Auction houses can seem like hostile environments, where amateurs may be ripped off whether buying or selling.
In reality, most are friendly institutions that will give honest assessments of your possession or target item and guide you through the process.
The sales can be fun, too, though it is worth remembering that the auction house is a business and not a charity.
Freelance auctioneer David Porter is a regular face at many of the top gun sales in the country, especially at the specialists Holts. He believes it pays to go with a large, reputable house rather than take your chances with a smaller outfit: “I am biased,” he admitted, “but I would always say the bigger the better. You need people who are enthusiastic and passionate about selling a gun that is dear to you it makes a difference.”
“You want a big team of experts to consult as they will have a wider knowledge. It is a question of trust that the estimation and reserve prices are accurate.”
There is an age-old joke of the punter waving to his friend across the room and accidentally buying an expensive lot. Indeed, David often uses it to relieve tension and raise a few laughs. However, in reality, there is no chance of it happening, as David points out, “Over the years, the auctioneer learns the body language of someone who wants to bid. They tend to sit up in their chair or catch your eye. It doesn’t matter if you raise your hand, wink or wave your programme, I’ll soon catch on.”
However, if you do bid, then you must be prepared to stump up the cash: “When the hammer falls, a legal contract is formed, as strong as if you had signed a piece of paper. If you were to walk out of the room or refuse to pay, then you could be legally pursued. It can be disruptive, but in my 15 years of selling guns, this rarely happens. Bidders at firearms auctions are more heavily vetted than others.”
For items over a certain value, it can be wise to put a reserve on the price, so the lot will not be sold for a song when it might make more money on a different day or at a different saleroom. Again, David believes it is wise to take advice from the auction house, rather than put your own high reserve. An auction will charge a commission for selling and buying, as well as costs for insurance, cataloguing and a not-sold charge if it does not reach the reserve.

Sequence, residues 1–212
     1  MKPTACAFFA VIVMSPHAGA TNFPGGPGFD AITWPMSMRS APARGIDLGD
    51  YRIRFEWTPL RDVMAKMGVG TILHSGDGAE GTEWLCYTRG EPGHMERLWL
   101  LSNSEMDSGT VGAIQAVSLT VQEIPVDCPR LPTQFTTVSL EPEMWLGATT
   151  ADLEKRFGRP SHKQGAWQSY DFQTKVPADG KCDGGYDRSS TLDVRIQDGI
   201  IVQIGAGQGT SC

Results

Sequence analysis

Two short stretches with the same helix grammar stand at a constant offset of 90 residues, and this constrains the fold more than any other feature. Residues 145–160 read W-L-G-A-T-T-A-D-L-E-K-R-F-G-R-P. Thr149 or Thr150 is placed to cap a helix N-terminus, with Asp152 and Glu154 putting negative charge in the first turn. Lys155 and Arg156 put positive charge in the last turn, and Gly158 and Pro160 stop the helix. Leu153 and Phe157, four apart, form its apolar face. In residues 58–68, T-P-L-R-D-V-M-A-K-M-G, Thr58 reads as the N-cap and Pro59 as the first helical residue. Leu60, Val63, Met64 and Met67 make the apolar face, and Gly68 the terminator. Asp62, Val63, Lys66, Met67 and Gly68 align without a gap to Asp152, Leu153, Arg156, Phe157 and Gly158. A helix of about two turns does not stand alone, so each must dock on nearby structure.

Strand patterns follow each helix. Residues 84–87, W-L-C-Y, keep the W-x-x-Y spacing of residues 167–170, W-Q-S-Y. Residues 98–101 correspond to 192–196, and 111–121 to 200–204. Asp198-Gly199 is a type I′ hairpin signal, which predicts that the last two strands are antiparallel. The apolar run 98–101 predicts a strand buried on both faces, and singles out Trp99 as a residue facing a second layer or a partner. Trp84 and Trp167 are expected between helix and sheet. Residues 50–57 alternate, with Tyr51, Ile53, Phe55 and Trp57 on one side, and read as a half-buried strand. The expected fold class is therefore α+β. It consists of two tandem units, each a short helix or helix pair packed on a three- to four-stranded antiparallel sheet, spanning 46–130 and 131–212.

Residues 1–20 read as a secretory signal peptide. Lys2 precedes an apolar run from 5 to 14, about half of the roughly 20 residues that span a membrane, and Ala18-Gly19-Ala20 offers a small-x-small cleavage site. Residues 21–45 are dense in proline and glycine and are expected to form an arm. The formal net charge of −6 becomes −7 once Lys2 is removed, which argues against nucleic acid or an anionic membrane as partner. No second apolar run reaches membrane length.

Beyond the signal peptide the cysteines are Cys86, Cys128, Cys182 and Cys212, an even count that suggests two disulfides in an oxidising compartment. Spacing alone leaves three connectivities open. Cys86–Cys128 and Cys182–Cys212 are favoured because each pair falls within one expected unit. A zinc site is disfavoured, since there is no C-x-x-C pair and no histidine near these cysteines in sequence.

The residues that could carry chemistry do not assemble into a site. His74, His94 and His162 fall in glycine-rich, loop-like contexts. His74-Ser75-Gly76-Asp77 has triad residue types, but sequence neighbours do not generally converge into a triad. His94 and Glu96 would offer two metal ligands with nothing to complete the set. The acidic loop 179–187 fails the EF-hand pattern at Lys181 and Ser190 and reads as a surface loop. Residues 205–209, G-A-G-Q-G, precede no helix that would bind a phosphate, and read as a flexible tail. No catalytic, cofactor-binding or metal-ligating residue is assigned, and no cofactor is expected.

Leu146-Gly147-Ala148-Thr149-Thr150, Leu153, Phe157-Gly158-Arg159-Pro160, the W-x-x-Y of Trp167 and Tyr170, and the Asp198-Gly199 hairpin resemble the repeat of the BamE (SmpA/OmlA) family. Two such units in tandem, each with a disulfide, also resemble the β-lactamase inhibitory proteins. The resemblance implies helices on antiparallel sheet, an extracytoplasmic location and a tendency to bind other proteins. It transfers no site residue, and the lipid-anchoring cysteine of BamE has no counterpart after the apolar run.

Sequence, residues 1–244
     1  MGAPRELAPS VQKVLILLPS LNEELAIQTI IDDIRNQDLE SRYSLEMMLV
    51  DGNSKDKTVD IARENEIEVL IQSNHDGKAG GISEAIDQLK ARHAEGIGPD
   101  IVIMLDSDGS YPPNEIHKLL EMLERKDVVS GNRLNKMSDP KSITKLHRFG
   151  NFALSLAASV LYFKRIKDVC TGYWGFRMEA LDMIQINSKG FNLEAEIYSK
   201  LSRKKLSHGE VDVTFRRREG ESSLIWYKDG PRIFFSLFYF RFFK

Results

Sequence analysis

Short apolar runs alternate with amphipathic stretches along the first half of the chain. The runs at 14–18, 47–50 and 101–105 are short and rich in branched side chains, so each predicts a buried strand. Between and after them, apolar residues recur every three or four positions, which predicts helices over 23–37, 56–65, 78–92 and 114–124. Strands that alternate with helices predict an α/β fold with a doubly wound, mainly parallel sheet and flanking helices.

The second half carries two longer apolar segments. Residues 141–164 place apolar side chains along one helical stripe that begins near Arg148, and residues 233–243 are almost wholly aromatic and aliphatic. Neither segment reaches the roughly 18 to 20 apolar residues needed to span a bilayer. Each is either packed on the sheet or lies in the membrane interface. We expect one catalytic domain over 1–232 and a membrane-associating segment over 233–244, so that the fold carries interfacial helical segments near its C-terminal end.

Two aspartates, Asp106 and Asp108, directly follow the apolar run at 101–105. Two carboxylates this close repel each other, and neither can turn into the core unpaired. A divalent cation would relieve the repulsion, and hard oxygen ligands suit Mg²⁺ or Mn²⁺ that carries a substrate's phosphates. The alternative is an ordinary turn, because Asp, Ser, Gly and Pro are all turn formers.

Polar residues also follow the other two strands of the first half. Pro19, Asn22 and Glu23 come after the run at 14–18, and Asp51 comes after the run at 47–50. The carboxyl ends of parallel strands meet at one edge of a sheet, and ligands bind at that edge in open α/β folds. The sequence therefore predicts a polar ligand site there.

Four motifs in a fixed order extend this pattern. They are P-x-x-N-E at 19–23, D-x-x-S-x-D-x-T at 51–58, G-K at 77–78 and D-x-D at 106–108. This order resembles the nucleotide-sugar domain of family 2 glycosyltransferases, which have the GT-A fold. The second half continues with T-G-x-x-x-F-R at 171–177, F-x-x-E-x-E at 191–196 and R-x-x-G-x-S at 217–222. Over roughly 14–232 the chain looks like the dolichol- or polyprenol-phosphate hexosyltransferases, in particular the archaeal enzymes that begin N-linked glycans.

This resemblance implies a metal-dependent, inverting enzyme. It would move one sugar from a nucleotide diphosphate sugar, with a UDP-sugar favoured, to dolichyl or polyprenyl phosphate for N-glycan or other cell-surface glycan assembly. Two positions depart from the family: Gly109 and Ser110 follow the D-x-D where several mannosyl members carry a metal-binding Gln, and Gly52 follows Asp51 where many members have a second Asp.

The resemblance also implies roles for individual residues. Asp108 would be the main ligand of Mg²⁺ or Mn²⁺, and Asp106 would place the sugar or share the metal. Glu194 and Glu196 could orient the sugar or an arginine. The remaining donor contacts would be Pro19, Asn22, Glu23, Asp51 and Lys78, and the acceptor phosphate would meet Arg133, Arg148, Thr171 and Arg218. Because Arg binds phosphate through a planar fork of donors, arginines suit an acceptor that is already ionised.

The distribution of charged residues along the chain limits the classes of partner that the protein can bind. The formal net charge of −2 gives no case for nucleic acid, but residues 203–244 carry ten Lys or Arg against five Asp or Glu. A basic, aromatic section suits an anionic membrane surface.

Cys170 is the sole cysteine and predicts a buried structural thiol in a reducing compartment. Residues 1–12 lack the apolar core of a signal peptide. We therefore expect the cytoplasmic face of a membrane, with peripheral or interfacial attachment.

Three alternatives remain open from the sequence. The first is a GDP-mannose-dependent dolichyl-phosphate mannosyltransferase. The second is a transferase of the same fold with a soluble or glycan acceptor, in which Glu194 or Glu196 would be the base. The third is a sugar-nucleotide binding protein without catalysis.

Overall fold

“Auctions are fickle places, where the price goes up or down depending on trends and fashion, so you must be prepared to wait if you want to get the best price.”
“You need to wait for the right sale and for the auctioneers to take pictures, sell catalogues, post it online and attract the right buyers. A gun dealer might give you an on-the-spot offer, but with the auction you are putting it to the market and all the international buyers. There are charges, but usually less than the cut a dealer will take. Though I’m an auctioneer, so I would say that.”
Are there ever episodes of skulduggery in auction houses, such as insiders on the floor pushing the price up? “I am not that naïve to think it would never happen,” David says, “but I would like to think most auction houses are honest. In this business, your reputation is everything. If the public suspect you lack integrity, they will go somewhere else.”
“David is a colourful, flamboyant character with a splendid moustache that sits well on a charismatic auctioneer.”
For many visitors to a hammer house, who may only want to bid on a couple of items, the pomp and ceremony of the sale is worth the entrance fee. “I love the buzz of the auction,” says David. “While we are in the serious business of buying and selling, there is room for theatre and humour. Indeed, I think that is vital if you are up there for four or five hours, because if not it can be a tense and pressurised environment.”
He tries to set a rhythm when on the rostrum so that he can get through the lots as quickly as possible. “There’s no doubt people get swept away in the moment, and while they have a figure set in their mind, they will often break their own rule. However, it is my job to encourage people to pay more than they planned to. After all, I am employed by the auction house and a good auctioneer will get the highest price possible for a lot.”
David works as a freelance auctioneer for a wide range of sectors, including fieldsports-related art and equipment.
To hire his services, tel (020) 7483 2984.